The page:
Although people love to have jobs and are glad that a new company chose their region, they will never develop dedication and loyalty to the company, because they know the company does not care about them. The company cares only about profits, and if profits shrink, they will find another cheap labor destination to place the production. So between the company and the workers there will almost never be the form of bound that takes companies to a next level or that helps them survive a rough patch. And at first, the lack of mutual respect and social bond might seem irrelevant to the business aspect of the production, but it might affect the sole structure of a business model. A classic example of affected reputation after moving production to Asia is the Burberry Case – after a history of luxury goods production in Great Britain, Burberry decided to move production to Asia in order to cut the production costs – but the company’s business model was based on using the scarcity factor in order to create demand and to keep a high pricing level. After moving to Asia, they have been especially affected by a great afflux of counterfeit goods. Both the scarcity and quality factors – the base of their business model – have been unprecedentedly affected.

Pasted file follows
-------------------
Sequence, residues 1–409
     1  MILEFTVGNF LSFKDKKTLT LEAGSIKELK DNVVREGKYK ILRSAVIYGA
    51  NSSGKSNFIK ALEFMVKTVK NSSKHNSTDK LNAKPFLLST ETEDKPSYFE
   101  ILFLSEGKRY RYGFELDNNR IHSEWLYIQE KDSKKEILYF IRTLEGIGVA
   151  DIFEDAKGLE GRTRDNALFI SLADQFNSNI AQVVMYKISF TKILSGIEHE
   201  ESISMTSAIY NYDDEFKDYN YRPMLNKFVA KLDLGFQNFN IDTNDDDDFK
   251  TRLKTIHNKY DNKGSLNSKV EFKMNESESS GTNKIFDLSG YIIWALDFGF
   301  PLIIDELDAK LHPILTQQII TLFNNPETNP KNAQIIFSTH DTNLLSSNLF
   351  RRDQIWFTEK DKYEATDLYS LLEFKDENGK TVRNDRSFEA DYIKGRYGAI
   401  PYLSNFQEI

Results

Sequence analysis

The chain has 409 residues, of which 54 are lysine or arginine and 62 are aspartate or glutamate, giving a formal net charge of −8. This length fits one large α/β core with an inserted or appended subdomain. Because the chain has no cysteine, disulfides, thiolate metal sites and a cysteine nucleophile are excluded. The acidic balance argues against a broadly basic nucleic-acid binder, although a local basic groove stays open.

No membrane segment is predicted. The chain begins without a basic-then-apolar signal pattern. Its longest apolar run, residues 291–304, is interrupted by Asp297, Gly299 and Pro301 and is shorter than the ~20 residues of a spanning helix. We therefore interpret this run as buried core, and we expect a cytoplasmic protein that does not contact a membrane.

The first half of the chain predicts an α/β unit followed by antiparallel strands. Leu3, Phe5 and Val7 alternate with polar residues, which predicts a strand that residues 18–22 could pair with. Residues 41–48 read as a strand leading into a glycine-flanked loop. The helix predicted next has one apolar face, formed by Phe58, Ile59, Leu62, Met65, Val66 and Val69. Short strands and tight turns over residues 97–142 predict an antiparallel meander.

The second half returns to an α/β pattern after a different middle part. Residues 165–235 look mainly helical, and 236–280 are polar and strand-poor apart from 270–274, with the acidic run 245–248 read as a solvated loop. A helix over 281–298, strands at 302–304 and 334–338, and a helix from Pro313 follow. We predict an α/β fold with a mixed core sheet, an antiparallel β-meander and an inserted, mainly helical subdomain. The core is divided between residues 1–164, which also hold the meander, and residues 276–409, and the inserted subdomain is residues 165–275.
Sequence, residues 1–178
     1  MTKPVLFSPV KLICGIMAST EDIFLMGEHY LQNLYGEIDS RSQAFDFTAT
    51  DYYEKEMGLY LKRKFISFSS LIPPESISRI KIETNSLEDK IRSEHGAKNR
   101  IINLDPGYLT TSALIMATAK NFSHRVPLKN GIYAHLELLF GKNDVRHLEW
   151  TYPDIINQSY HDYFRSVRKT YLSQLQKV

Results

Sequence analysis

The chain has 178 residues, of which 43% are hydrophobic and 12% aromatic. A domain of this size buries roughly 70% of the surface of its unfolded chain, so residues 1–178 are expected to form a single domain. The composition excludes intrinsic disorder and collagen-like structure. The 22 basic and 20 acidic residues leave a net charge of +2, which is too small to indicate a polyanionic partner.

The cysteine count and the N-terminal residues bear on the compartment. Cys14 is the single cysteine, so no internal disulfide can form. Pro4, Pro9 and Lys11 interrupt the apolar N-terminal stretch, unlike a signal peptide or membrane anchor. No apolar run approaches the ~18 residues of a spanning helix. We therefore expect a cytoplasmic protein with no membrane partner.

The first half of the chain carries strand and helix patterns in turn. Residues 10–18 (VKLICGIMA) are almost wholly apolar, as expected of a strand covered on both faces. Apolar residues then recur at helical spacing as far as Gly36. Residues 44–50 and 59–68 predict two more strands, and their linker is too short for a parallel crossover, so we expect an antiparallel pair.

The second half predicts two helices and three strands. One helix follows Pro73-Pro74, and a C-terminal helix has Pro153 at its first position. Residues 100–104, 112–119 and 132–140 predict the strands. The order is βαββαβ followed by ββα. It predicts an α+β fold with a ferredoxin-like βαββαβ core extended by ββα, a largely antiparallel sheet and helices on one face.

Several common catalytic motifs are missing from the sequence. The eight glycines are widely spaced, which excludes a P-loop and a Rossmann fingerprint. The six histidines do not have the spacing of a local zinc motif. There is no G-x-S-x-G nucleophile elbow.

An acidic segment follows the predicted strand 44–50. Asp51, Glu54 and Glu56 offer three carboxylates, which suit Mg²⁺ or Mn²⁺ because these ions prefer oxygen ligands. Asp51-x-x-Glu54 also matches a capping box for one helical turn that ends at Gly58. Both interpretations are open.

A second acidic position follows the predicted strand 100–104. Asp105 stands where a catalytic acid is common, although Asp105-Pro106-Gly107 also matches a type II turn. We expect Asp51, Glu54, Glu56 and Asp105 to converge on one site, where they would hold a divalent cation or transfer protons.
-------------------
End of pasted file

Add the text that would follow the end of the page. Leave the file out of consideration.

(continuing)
Also, when companies unmercifully exploit people, the workers have no guilt when sabotaging production through strikes and walk-outs. Workers have nothing to lose and everything to gain by stopping production or even leaving, after qualifications and years of experience, in order to work for the competition. A memorable moment of strike for a repeated offender of humane working conditions happened before the launch of iPhone5 – workers were being pressured to put in supplementary hours, under increasing quality control, in order to produce a higher quota of phones to satisfy the preorders and sales expectancies for the new Apple phone – but due to prolonged harsh working conditions and prior situations when they had to work far more than the 60 hour working week, workers were not going to support the company and meet the new production quota. A riot involving 2.000 people took place, stopping the production line and delaying the accessibility to the newly launched product.